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  • 1. U.S. AU.S. ARMYRMY MMEDICALEDICAL RRESEARCHESEARCH & M& MATERIELATERIEL CCOMMANDOMMAND Robert E. McCarthy PhD, JD Chief, Office of Research and Technology Applications Technology Transfer and Insertion Telemedicine & Advanced Technology Research Center Cutting Edge Medical Technology
  • 2. Top Patenting Organizations: Calendar Year 2004 (Utility Patents granted by the US PTO) Rank Number Patents Organization 1 3,248 IBM 2 1,934 Matsushita Electric 3 1,805 Canon Kabushiki 4 1,775 Hewlett Packard 5 1,760 Micron Technology 6 1,604 Samsung Electronics 7 1,601 Intel Corporation 8 1,514 Hitachi Ltd. 9 1,310 Toshiba Corp. 10 1,305 Sony Corp.
  • 3. Rank Number Patents Organization 11 1,296 Fujitsu Ltd. 12 1,217 Philips Electronics 13 1,025 Fuji Photo Film 14 976 General Electric 15 913 Renesas Technology 16 903 Robert Bosch Gmbh 17 898 Texas Instruments 18 839 Seiko Epson Corp. 19 829 US Government 20 813 NEC Corp.
  • 4. Only 3 to 5% of US Government Inventions make it to commercial success. Why? • Lack of inventor interest • Lack of funds to further R&D on the invention • Invention easily superseded by another technology • Inadequate marketing to showcase the invention • Difficulty in identifying the “right” commercial partner • Invention requires significant regulatory hurdles • No mechanisms to aid in transferring the technology out
  • 5. Technology Transfer What Is It? Who Does It? Who Benefits? How Is It Done? What Laws/Rules Apply?
  • 6. Technology Transfer Legislation • Stevenson-Wydler Tech. Innovation Act 1980 • Bayh-Dole Act 1980 • Small Business Innovation Develop. Act 1982 • Federal Technology Transfer Act 1986 • Executive Order 12591 (1987) • Technology Transfer Commercial. Act 2000 • United States Code (USC Title 15, Chapter 63)
  • 7. Stevenson-Wydler Technology Innovation Act • Established technology transfer as a mission of the federal government • Required federal labs to set apart a percentage of the lab budget for technology transfer • Established an Office of Research & Technology Applications in each lab • Gave preference to industrial technology transfer partners that manufacture products in US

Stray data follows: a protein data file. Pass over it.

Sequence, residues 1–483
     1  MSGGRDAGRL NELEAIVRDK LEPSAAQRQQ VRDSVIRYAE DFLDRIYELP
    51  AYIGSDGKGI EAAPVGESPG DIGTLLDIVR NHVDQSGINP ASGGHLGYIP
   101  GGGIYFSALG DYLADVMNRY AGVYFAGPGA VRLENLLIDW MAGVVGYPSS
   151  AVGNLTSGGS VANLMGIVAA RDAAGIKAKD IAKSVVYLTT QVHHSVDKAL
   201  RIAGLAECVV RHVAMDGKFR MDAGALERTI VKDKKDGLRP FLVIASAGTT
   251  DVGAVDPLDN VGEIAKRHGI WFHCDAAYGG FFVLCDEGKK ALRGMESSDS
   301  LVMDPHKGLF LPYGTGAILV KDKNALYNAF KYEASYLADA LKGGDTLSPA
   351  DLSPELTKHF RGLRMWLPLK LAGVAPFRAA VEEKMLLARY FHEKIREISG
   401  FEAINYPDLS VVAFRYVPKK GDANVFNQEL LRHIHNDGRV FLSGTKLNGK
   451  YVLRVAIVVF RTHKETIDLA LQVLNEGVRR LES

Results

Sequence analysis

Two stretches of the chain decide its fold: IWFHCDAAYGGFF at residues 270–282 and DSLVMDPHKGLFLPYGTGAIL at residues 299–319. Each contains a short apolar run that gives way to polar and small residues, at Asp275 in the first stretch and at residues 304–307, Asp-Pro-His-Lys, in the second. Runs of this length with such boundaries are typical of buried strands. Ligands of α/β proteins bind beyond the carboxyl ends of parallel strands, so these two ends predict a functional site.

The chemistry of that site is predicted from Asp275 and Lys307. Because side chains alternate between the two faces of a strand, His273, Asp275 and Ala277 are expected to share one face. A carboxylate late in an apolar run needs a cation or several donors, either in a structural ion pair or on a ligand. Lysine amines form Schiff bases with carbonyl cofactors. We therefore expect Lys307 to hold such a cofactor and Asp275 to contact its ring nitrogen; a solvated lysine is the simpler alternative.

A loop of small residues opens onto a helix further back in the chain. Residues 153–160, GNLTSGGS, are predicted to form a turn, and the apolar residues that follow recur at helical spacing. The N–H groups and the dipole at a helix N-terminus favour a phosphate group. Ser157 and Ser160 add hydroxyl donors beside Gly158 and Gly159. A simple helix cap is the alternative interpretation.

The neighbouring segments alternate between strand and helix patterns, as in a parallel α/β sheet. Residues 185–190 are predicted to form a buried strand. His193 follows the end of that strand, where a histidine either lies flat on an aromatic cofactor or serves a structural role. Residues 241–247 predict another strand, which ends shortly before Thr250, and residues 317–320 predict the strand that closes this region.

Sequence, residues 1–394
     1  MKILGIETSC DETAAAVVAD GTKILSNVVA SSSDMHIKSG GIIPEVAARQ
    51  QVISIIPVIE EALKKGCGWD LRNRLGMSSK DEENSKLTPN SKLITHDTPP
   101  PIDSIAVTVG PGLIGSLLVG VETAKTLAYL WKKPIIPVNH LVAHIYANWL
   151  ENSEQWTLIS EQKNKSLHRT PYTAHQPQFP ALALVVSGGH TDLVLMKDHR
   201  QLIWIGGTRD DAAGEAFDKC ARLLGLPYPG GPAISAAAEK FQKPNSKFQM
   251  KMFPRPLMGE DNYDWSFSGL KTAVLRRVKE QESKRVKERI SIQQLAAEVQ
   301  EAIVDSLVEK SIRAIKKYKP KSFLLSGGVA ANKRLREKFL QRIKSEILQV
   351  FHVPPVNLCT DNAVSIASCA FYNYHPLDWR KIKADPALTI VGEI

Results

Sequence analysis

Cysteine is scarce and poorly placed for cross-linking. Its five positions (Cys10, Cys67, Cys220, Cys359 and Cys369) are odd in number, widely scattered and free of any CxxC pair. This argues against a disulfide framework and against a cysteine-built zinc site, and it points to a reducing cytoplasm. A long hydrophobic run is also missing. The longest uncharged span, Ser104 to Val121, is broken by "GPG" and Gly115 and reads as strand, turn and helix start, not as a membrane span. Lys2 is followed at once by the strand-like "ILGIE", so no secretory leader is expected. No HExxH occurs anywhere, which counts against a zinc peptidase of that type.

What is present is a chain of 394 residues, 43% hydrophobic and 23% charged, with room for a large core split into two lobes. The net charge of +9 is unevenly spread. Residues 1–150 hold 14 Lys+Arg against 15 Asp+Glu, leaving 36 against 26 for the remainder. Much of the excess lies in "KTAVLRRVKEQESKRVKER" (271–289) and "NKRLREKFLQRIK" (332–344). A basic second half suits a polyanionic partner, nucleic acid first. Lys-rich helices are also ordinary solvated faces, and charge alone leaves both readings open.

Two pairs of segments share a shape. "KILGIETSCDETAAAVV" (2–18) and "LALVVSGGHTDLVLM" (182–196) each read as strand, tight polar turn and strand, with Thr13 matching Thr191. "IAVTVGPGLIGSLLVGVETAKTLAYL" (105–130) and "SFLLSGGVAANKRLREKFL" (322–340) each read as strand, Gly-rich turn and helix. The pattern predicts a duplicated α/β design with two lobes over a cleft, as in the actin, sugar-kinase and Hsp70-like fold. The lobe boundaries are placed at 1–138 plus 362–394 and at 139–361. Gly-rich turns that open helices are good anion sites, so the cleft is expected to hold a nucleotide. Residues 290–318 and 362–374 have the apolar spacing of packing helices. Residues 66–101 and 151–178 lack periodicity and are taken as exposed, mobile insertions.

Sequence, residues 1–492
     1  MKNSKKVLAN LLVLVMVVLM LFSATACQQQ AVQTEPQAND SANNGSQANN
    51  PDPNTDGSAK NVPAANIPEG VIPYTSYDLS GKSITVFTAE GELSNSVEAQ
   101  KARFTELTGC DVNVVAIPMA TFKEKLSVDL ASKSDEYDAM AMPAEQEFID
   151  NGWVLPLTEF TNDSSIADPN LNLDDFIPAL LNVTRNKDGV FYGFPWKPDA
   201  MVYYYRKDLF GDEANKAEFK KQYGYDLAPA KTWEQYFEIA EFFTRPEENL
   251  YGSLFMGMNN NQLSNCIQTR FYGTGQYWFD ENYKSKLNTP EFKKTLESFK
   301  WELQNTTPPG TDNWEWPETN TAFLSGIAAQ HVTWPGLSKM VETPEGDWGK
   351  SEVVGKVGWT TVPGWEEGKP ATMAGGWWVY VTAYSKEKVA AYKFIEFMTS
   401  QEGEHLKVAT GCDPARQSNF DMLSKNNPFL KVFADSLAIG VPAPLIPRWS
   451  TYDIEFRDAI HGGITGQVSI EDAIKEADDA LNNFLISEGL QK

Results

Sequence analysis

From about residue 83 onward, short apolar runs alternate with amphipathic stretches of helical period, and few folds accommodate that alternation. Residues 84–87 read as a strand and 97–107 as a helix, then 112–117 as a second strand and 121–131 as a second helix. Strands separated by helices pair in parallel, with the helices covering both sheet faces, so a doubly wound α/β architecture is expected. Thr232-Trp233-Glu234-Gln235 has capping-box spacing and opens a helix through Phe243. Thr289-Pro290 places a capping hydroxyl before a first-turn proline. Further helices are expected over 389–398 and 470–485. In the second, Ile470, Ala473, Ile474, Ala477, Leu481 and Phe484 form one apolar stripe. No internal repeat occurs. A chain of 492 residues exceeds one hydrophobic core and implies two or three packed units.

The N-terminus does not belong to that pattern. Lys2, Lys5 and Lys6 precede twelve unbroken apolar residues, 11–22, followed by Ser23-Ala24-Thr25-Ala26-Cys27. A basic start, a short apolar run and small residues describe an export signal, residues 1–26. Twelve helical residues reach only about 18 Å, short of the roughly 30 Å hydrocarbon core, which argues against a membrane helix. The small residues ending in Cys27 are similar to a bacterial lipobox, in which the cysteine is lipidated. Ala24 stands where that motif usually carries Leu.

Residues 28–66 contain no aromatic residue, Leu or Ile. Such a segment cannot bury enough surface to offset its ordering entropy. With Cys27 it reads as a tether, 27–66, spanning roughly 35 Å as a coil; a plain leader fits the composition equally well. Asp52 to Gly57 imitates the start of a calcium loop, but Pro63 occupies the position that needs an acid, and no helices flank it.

• 8. Bayh-Dole Act of 1980 • Provided exclusive rights to inventions arising under funding agreements with federal agencies to nonprofits and small businesses • Permitted universities and nonprofit organizations, and small businesses to obtain title to inventions developed with government support • Government owned and operated labs were permitted to grant exclusive licenses to commercial organizations
  • 9. Federal Technology Transfer Act of 1986 • Enabled federal labs to enter into CRADAs and to negotiate licensing arrangements for patented inventions made at the labs • Required that government employed inventors share in royalties from patent licenses • Provided for the exchange of personnel, services, and equipment among federal labs and nonfederal partners • Provided a charter and funding for the Federal Lab Consortium (FLC) for technology transfer
  • 10. Types of Technology Transfer Agreements • Material Transfer Agreement (MTA) • Educational Partnership Agreement (EPA) • Test Services Agreement (TSA) • Cooperative Research & Development Agreement (CRADA) • Patent License Agreement (PLA)
  • 11. Cooperative Research & Development Agreement CRADA • Primary Instrument for federal technology transfer • Authorized by Title 15, Ch 63, section 3710 • Not a contract (cooperative agreement or grant) • IT IS: Mutual assent to work collaboratively with a nonfederal party • 2 types – full CRADA or Transfer of Material or Information CRADA